"River Mary" Makes a Splash; an Artful Convent

Trastevere Loves Its Marian Tradition

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By Elizabeth Lev

ROME, JULY 21, 2005 (Zenit.org).- Just as the torrid July weather gets into full swing, Rome’s hottest festival starts up. The Festa di Noantri from July 16 to 24 brings the already lively Roman quarter of Trastevere to fever pitch.

The name of the feast, “Noantri,” derives from the Roman dialect and perhaps is best translated as “ourselves,” but while celebrations do take place in the quarter proudly proclaimed by the inhabitants as the home of “true Romans,” the holiday is all about the Madonna of Mount Carmel.

The feast was officially instituted in 1927, but the origins date back to the 16th century. In 1535, after a violent thunderstorm, a statue of Mary carved out of cedar wood washed up on the shores of the Tiber. She was brought up the river and given to the then Carmelite church of St. Chrysogonus.

The “Madonna fiumarola,” or “river Mary,” has been celebrated every year since with processions, prayer and song. This being Trastevere, however, food and wine abound as well.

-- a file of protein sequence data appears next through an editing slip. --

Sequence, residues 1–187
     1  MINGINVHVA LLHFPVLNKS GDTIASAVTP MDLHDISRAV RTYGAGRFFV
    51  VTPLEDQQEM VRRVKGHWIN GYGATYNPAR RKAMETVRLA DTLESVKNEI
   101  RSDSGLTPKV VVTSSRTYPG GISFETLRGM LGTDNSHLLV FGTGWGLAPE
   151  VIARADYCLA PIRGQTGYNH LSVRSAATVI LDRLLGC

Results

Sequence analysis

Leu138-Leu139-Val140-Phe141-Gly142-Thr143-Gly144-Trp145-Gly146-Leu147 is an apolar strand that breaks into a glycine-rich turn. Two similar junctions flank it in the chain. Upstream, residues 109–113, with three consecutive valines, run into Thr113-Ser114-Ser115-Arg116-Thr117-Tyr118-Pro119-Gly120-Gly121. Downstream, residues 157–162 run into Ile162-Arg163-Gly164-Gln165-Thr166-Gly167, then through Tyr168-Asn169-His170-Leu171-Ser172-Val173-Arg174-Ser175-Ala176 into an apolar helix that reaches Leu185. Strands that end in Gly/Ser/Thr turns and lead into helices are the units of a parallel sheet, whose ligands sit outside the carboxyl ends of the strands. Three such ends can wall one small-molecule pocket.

The festivities began with a Mass at the Church of St. Agatha, the present home of the processional statue, while the original is kept in Santa Cecilia. It was celebrated by Archbishop Angelo Amato, secretary of the Congregation for the Doctrine of the Faith.

After Mass, the statue was brought out before the church and the procession formed in the square. City standards, Trastevere flags and Carmelite banners were hoisted aloft. The local police band played as a huge wooden vine-wrapped cross rose high in the air and the archbishop, Carmelites and faithful took their places.

But the crowd was waiting for Mary. The Madonna of Carmel sails through the streets on a large wooden platform, crowned with an arched canopy. Sculpted wooden cherubs play at her feet and hover over her head. Reminiscent of the wood rafts of the rivermen who found the statue, it weighs about the same.

Traditionally the young men of Trastevere vie with one another for a chance to show off their physical prowess by carrying the heavy float. Each year, 16 “fusti” — hunks — are chosen to bear the Madonna on their shoulders.

As the young men lifted Mary into the air, the crowds broke into wild applause, crying, “Evviva Maria!” Hundreds followed the procession through the narrow streets of Trastevere, decorated for the occasion with banners hanging from windows and palm leaves forming archways.

Amid Marian hymns and prayers, the procession made its way to the historic churches of Trastevere, ending at St. Chrysogonus. There the Madonna rested in the church which had once been her home. At midnight, by music and candlelight, she returned to St. Agatha’s.